- An arrangement in terms of which a person or persons acquire the controlling interest in a company (by the acquisition of shares or voting rights on or after the date of publication of the Notice) that has carried forward or expects to carry forward a balance of assessed loss exceeding R20 million from the previous year of assessment to the year of assessment in which the controlling interest is acquired. Also included is the acquisition of the controlling interests in a company that expects to have an assessed loss exceeding R20 million in the year of assessment during which the controlling interest is acquired.
- An arrangement in terms of which an amount that exceeds or is likely to exceed R5 million is or becomes payable by a resident to an insurer that qualifies as such in terms of any foreign law, if any amount or amounts payable on or after the date of publication of this Notice, to any beneficiary in terms of that arrangement are to be determined mainly by reference to the value of particular assets or categories of assets held by or on behalf of the insurer or another person for purposes of the arrangement.
This represents a considerable change from the previous list which was gazetted in terms of section 35(2) on 28 December 2012 and which contained only two categories, namely:
- Instruments that would have qualified as ‘hybrid equity instrument[s]’ in terms of section 8E of the Income Tax Act if the prescribed period had been 10 years (and not 3 years); and
- Instruments that would have qualified as ‘hybrid debt instrument[s]’ in terms of section 8F of the Income Tax Act if the prescribed period had been 10 years (and not 3 years) – other than listed debt instruments.
A practical problem will arise in many instances where there is a ‘reasonable grounds’ requirement. In our view this should be tested when the arrangement is first entered into. If it is decided at that stage that it is not a reportable arrangement but circumstances change subsequently, it would appear that there is no reporting requirement at that later stage. However, this may well give rise to numerous fights with SARS as the circumstances were reasonably foreseeable at the time that the arrangement was entered into.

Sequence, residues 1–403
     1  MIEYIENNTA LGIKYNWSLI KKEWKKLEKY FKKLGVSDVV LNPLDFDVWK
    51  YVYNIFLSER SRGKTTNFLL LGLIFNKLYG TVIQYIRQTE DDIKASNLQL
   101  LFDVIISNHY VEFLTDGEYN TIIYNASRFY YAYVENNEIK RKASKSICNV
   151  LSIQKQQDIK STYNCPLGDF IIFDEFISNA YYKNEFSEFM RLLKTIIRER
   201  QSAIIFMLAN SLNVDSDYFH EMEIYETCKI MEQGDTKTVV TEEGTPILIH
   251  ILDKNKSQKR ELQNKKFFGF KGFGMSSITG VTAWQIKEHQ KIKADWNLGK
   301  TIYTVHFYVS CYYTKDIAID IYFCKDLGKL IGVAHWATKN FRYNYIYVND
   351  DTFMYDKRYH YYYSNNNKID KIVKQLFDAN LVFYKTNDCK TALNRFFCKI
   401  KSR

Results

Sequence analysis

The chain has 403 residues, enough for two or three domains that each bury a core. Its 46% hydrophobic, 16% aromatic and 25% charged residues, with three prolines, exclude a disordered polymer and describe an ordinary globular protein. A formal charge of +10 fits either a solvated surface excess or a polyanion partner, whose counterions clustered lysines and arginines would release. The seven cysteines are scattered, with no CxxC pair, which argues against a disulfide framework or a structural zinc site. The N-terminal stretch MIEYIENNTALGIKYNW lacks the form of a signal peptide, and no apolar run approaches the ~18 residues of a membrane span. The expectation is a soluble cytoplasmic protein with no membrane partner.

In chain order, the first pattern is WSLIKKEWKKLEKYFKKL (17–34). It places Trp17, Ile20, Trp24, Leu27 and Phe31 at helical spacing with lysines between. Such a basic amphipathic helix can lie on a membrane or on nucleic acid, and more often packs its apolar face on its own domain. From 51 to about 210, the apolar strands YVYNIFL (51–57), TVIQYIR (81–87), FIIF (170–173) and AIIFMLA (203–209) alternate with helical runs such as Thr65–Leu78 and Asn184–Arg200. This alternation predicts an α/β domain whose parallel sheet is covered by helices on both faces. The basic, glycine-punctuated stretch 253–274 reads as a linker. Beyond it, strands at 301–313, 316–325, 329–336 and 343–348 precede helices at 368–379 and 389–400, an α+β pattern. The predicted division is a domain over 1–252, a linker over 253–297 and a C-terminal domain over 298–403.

It should be noted that section 35(1) of the Tax Administration Act includes other types of arrangements that are reportable in addition to those listed above and section 36 contains a number of exclusions. The other types of arrangements included in section 35(1) are as follows.
Where a ‘tax benefit’ is or will be derived or is assumed to be derived by any ‘participant’ and the arrangement:
- contains provisions in terms of which the calculation of ‘interest’ as defined in section 24J of the Income Tax Act, finance cost, fees or any other charges is wholly or partly dependant of the assumptions relating to the tax treatment of that ‘arrangement’ (otherwise than reason of any change in the provisions of the Tax Act);
- has any of the characteristics contemplated in section 80C(2)(b) of the Income Tax Act, or substantially similar characteristics i.e. round trip financing per section 80D, an accommodating or tax indifferent party per section 80E or cancelling or offsetting elements;
- gives rise to an amount that is or will be disclosed by any ‘participant’ in any year of assessment or over the term of the ‘arrangement’ as-
- A deduction for purposes of the Income Tax Act but not as an expense for purposes of ‘financial reporting standards’; or
- Revenue for purposes of ‘financial reporting standards’ but not as gross income for purposes of the Income Tax Act;
- does not result in a reasonable expectation of a ‘pre-tax profit’ for any ‘participant’; or
- results in a reasonable expectation of a ‘pre-tax profit’ for any ‘participant’ that is less than the value of that ‘tax benefit’ to that ‘participant’ if both are discounted to a present value at the end of the first year of the assessment when that ‘tax benefit’ is or will be derived or is assumed to be derived, using consistent assumptions and a reasonable discount rate for that ‘participant’.If you are in any doubt as to whether or not you may be a ‘promoter’ or a ‘participant’ in a reportable arrangement, you are urged to contact us as soon as possible.